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Ministry of Agriculture, Food and Rural Affairs

Bitter Melon

Other Common Names Include:

Ampalaya, balsam pear, bitter cucumber, bitter gourd, cundeamor, foo gwa, fu kwa, fwa kwa, karela, nigai uri, maiden’s blush, leprosy pear.

Latin Name: Momordica charantia

Plant Family: Cucurbitaceae

Close Relatives: Cucumber, gourd and squash

Uses and Markets: Culinary (Caribbean, Chinese, Indian and southern Asian cuisine): fruits are soaked to remove some of the bitterness, then boiled or fried.  Fruits and leaves are also used in curries, soups or tea.  Medicinal and natural health product (e.g. treatment of diabetes, blood disorders, etc).

Bitter melon plant Bitter melon fruit
Production Life Cycle in Ontario


Hardiness Zone


Special Notes

Water soaking and scarification are required for optimal seed germination. Some cucurbit crops respond well to season extension techniques including plastic mulch - for more information, refer to the General Agronomics section.  This crop can also be grown in the greenhouse - for more information refer to the greenhouse-grown bitter melon profile.

Propagation method

Most commonly by transplants from seeds, less commonly by direct seeding.

Greenhouse Seeding/Propagation Dates

Late April or early May.

Field Seeding Date:

After last frost

Field Transplanting Dates

After last frost, 3-5 weeks after greenhouse seeding.

In-row spacing

40-50 cm

Between row spacing

1.2-1.5 m

Optimal Soil temperature at planting

Delay planting until the soil temperature is 15°C or higher.  The optimum soil temperature range at planting is 25°C-35°C.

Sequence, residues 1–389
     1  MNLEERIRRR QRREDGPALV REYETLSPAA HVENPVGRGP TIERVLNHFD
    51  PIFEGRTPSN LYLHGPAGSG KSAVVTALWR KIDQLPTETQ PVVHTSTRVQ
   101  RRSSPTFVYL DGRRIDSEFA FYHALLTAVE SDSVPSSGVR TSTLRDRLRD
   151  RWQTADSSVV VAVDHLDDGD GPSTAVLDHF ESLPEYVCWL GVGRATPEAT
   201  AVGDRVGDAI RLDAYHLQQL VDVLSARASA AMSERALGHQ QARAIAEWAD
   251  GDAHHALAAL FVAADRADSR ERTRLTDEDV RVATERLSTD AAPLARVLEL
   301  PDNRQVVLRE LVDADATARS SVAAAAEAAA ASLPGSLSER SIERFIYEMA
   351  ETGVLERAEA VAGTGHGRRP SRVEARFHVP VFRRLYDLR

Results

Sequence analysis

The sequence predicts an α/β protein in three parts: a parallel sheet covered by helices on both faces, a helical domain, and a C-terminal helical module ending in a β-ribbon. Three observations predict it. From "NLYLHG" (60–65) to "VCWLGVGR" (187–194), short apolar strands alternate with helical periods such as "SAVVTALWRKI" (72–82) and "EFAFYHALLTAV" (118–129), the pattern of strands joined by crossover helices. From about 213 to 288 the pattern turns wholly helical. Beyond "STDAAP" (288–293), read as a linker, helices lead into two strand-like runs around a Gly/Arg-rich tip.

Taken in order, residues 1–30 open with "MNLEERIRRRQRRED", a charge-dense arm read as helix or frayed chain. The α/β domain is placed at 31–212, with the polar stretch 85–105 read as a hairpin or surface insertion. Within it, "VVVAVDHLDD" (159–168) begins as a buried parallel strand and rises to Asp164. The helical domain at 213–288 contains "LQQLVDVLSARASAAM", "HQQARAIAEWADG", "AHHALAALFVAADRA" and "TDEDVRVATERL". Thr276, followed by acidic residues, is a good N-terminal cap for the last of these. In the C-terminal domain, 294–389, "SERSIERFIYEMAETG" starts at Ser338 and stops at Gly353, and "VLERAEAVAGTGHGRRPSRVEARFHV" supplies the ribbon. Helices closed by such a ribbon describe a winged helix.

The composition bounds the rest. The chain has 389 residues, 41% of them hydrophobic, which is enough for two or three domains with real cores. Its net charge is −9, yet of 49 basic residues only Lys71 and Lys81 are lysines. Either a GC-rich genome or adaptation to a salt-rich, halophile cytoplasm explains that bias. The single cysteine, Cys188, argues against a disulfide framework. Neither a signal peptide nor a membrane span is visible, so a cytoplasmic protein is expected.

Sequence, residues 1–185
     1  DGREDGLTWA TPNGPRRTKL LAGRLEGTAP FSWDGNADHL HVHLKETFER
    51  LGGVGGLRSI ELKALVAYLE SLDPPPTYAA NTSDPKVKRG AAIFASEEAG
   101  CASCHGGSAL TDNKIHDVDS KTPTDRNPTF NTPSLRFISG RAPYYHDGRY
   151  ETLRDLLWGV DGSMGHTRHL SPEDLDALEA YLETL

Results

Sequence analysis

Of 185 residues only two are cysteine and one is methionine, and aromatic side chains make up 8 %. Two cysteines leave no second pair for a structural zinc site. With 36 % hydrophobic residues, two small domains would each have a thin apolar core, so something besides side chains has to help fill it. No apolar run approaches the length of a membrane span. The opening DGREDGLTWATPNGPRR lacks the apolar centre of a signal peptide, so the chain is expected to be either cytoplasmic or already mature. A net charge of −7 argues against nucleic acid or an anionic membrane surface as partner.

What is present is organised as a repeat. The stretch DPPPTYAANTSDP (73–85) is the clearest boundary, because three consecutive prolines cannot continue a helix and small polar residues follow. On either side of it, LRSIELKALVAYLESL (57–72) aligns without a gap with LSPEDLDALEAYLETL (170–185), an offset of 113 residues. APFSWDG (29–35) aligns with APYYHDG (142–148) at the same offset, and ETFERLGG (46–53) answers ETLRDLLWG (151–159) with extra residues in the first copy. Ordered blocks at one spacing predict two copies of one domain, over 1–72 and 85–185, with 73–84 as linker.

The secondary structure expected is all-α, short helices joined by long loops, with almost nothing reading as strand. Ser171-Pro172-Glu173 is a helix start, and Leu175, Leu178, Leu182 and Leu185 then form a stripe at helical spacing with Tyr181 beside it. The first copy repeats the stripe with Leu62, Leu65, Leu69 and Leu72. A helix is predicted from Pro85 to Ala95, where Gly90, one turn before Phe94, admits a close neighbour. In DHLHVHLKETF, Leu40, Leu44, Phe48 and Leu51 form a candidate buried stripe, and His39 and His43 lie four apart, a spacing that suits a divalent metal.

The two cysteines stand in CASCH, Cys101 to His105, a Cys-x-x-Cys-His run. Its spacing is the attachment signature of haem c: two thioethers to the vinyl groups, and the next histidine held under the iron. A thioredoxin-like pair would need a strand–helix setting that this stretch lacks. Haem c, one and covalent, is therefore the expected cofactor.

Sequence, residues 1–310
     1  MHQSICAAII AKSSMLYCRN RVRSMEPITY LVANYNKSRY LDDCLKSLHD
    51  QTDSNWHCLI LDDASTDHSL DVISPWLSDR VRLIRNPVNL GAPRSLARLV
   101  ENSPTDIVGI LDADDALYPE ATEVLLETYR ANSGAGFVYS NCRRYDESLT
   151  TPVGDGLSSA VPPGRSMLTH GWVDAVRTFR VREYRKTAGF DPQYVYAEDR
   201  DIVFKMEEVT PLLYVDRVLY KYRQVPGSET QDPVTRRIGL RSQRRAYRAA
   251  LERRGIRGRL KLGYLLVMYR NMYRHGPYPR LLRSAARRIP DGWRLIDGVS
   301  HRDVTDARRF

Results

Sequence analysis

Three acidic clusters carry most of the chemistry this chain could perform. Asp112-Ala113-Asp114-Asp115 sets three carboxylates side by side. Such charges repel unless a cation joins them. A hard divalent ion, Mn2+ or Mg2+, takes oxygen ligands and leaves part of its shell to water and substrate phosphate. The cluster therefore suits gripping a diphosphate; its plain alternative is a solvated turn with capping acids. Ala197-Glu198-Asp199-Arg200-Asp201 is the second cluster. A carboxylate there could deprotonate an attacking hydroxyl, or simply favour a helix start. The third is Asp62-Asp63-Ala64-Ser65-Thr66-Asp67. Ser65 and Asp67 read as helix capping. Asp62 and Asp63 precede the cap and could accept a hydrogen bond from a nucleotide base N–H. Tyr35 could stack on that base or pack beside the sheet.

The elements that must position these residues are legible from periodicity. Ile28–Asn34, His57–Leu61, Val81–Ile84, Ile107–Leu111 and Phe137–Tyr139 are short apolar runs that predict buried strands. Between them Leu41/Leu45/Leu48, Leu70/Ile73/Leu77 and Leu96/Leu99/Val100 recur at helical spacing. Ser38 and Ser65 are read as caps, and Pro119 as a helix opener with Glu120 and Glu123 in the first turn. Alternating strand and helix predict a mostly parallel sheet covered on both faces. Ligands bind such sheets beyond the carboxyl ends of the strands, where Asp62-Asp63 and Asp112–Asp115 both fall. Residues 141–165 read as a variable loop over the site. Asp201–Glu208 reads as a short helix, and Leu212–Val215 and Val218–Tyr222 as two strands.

Apply up to 110 kg/ha N. Broadcast 65 kg/ha N and all the phosphate and potash required prior to planting. Sidedress the remainder of the nitrogen before the vines start to run. On sandy soils, a second application may be necessary after the vines begin to run. Click here for phosphorus and potassium application guidelines and for more information on specialty crop fertility.

Soil type

All soil types, well-drained soils.

Soil pH


Special requirements for growth habit

Cucurbit crops may benefit from staking or trellising to reduce fruit damage on the ground, keep fruit clean and increase harvest ease.

Optimal Temperature Range


Temperature sensitivity

Frost sensitive

Irrigation requirements

Irrigation is beneficial under normal Ontario conditions.

Days to harvest

60-90 days depending on cultivar.

Specialized equipment


Harvest Scheduling

Multiple harvests from the same planting.

Hand harvest or machine harvest

Hand harvest

Quality parameters/grades

No established grades. Quality is determined by the market.

Additional Harvest Notes

Harvest firm, young fruits, light green in colour with soft white flesh.  If possible, harvest during cooler parts of the day to reduce moisture loss and cooling costs. Remove field heat as soon as possible after harvest.

Post harvest
Special handling/curing


Storage Conditions

Relative humidity (RH): 85-90%

Temperature: 12-13°C 

Air Exchange: N/A

Duration: 2-3 weeks

Specific pests observed on this crop in Ontario (observations based on limited experience with this crop)

Insects and Invertebrates: Cucumber beetles, aphids (e.g. Aphis gossypii)